2021 stats: 233 AB, .233 / .304 / .420, OPS+ 95
It came and went in the 7th inning of game 5 of the National League Division Series. Blake Treinen threw a heavy 93 MPH cutter that fell into the upper third of the strike zone. It wasn’t an amazing pitch, but Dickerson likes it low and this one was placed high enough for him to wave right through it. He held the bat at the end of his swing for a moment, almost comically, like a golfer watching their drive shank into the trees, before crossing back over the plate to the dugout.
There was no vivid emotion splashed across Dickerson’s face—he had been dealt with, handled—all he could do walking back to the bench was chew lip and avoid eye contact with the 40,000 people at Oracle Park that night.
Dickerson stepped into the batter’s box four different times in four games in the NLDS and each one was uniquely “un-pretty.” He struck out three times. He put one ball in play: a dying quail out to Corey Seager that was generously (or just inaccurately) labeled a “line-out” on MLB FilmRoom.
The San Francisco Giants were looking for offense—a spark or big hit or some semblance of life—and Dickerson was unable to perform the essential duties listed in his job description: pinch hitter, left-handed, provide offense power in favorable match-ups off the bench, preferably in late innings and/or close games.
There was some doubt expressed by the Giants fan community at the time about Dickerson’s place on the postseason roster. This speculation wasn’t unfounded. Defensively, Dickerson was a liability and by the time October came along, his pop had been flat for awhile. His last home run came on August 11th. His last RBI was on August 12th. His last extra base hit was a double on September 1st.
Ideally, he was the mirror image of his brother in bash Darin Ruf. It was not that long ago, in a Giants uniform, that Dik showed that kind of offensive prowess. In 2020, his OPS was .947 with a OPS+ of 156. It was not unreasonable to think that he could get his swing back and run into one. That’s really all that was required for the Giants to beat the Dodgers one last time…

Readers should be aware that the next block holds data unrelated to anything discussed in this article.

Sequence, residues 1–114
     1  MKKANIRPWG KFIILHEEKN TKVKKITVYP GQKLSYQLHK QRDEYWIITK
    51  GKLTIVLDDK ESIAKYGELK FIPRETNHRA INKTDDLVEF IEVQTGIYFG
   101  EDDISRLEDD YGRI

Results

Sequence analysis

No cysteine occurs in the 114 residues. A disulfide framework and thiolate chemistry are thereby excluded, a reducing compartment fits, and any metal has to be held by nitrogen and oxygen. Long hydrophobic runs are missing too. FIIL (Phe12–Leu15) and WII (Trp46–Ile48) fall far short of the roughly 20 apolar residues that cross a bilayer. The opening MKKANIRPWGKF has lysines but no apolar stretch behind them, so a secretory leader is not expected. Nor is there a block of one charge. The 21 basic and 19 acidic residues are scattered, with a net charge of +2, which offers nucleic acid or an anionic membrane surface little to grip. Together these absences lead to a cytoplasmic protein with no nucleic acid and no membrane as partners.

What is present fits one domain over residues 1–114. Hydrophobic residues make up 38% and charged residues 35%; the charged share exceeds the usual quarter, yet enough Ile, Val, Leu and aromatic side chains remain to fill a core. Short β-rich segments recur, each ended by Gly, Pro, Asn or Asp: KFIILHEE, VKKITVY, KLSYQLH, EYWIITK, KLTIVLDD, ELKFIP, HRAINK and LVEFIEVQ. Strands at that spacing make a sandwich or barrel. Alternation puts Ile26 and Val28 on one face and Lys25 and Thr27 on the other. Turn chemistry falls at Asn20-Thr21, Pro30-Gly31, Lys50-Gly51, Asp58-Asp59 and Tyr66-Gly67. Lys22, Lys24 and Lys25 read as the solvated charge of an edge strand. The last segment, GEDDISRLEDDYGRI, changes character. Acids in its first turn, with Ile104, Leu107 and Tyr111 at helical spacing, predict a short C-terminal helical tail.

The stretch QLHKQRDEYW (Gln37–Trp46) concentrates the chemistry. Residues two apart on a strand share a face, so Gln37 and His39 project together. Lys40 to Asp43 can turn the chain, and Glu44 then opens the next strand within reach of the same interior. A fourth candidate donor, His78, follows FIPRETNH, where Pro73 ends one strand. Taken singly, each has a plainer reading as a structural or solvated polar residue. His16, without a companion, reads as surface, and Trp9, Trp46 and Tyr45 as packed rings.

But ultimately, Dickerson didn’t have it in the postseason.
Looking back through his last at-bats, it is clear he felt off. It looked like he was swinging a wiffle ball bat. He didn’t have the focus in his eyes. He didn’t want to be there and no one else really wanted him there either.
To be fair, hitting is about rhythm and feel, slumps happen to everyone and to break out of those droughts hitters need reps at the plate. They need consistent opportunities, and in the later months of 2021, playing on a 107-win team, Alex Dickerson just wasn’t going to get the chances he needed to find his swing again.
Dickerson is 31 now and will turn 32 at the beginning of next season. He’s injury prone, with three different stints on the IL in 2021. His projected arbitration salary is $3 million and it feels unlikely that an offer from the front office will be extended. It is definitely possible that his offensive numbers will rebound after this season, but I think the Giants would feel better about someone who can give them innings in the field as well as power in the batter’s box. This team has thrived and will thrive on options and flexibility with players and that’s not something Alex Dickerson can give them.